Lowes won the 2013 World Supersport title and had signed a 2014 WSB deal, but he had always wanted to be a MotoGP rider, so he coughed up a £230,000 penalty to his Yakhnich team for quitting his WSB job and went looking for a Moto2 ride.
“I could’ve earned quite good money in WSB but I paid to leave because I needed to be here – MotoGP is my dream and now it’s starting to pay off a bit,” he told me in 2015, shortly after his first Moto2 win at the Americas GP.
“The problem is the amount of experience I have compared to everyone else in this paddock is zero. I didn’t know many of the tracks, so it’s harder than people think.
“The level here is higher. There are a lot of faster people. Also, there’s a lot more infrastructure, and most of these riders have been riding at this level and with this mindset for a long, long time.
“It’s different riding in World Superbike; it’s a high level, but the rider can make the difference, whereas here the rider can make the difference but you have to look at everything: your training, your diet, you have to sit and look at the data all night and you have to look at every little thing on the bike. Every aspect has to be perfect to win. In World Superbike you can override a problem to beat someone else, you can have a fifth-place bike and you can win. But you can’t do that here.”
These are the challenges that face British former road-bike racers when they switch to GPs. It’s not just the bikes and the tracks, it’s the whole GP system, which takes time to understand. And usually British riders don’t have the luxury of taking their time, because most sponsors and teams come from Italy or Spain, so unsurprisingly they’re keener on Italian and Spanish riders.
Lowes has had more lows than highs since 2014, but this year with the Marc VDS team – arguably Moto2’s best outfit – he’s back on it. His victory at Le Mans last Sunday was his first victory since Aragon 2016.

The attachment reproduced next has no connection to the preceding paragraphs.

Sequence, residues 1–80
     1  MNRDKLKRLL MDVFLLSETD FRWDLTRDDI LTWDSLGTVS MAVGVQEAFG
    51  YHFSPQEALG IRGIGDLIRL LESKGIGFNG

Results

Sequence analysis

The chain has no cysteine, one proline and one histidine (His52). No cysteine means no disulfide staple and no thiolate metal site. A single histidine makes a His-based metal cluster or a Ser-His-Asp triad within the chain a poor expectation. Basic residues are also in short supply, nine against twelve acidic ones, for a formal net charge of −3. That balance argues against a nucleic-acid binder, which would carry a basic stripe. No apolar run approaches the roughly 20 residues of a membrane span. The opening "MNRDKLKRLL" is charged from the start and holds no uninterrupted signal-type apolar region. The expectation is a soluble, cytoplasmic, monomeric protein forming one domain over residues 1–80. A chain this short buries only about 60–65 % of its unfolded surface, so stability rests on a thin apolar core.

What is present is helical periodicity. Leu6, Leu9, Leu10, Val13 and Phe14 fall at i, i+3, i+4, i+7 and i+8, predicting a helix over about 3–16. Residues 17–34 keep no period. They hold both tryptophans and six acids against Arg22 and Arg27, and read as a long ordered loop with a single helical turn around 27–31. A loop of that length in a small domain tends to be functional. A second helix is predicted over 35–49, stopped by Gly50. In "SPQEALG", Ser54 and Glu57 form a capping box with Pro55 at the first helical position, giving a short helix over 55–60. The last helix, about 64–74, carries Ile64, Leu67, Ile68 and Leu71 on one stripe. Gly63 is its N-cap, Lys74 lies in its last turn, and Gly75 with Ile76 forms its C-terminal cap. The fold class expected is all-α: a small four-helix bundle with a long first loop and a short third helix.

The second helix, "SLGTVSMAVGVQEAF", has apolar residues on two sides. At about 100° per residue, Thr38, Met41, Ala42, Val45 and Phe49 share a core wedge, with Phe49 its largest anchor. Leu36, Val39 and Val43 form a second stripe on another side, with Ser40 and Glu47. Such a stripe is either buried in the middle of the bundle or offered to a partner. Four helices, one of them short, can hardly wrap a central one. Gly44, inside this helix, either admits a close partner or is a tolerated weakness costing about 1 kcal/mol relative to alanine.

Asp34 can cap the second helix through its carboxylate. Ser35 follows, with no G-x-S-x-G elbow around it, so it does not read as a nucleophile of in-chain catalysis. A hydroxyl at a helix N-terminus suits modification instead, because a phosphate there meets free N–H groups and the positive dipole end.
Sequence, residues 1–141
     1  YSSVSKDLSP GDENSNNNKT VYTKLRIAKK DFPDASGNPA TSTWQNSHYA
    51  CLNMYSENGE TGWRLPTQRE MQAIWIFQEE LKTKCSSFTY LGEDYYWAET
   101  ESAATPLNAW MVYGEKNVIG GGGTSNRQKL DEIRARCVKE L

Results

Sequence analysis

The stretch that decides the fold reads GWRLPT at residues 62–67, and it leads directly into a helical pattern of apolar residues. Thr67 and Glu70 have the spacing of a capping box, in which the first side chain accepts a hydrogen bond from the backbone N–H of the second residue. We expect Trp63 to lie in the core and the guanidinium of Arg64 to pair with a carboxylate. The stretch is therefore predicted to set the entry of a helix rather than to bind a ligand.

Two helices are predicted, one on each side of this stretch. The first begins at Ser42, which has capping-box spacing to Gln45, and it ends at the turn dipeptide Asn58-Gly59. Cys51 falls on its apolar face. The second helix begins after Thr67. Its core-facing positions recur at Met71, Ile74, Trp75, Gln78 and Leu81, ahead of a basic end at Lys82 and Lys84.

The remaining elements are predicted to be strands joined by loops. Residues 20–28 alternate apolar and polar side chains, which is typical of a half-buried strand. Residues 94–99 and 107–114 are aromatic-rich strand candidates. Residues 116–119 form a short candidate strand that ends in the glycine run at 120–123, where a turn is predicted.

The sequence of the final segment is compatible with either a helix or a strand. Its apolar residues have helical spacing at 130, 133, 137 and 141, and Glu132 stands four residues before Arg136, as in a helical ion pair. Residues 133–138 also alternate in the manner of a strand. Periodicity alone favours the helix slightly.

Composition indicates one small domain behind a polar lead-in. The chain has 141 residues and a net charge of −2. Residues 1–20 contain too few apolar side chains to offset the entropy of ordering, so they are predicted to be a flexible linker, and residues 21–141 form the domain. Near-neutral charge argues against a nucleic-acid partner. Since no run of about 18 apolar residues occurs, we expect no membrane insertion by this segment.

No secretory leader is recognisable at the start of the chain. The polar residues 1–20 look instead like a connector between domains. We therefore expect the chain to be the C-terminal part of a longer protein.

It might not have been Lowes’ victory if Dixon hadn’t crashed out of the lead. The 24-year-old had a tough rookie season in Moto2 last year – just one 12th and one 13th to his name – and really struggled with going from BSB hero to GP zero.
“Coming from nearly winning the BSB championship to finishing right at the back and feeling like you’re an absolute licker isn’t easy; it’s mentally difficult,” he says. “I struggled a lot last year, especially with being depressed. It was super, super difficult. The biggest difference between BSB and GPs is that in GPs they don’t give a f**k – every lap is 100 percent.”
This year Dixon has come good, after switching from KTM to a Kalex, the chassis that’s won every Moto2 crown since 2013. The combination of a better bike, a year’s experience and time to adapt to the Kalex took Dixon into the front group for the first time at August’s Styrian GP. Now it looks like he’s got what it takes to stay there.
His tearful exit on Sunday – after losing the front and falling with just five laps to go – was a kick in the guts. But that’s racing. Most great champions agree that a racer’s psyche is his most important asset, so Dixon needs to forget about the past and keep looking to the future.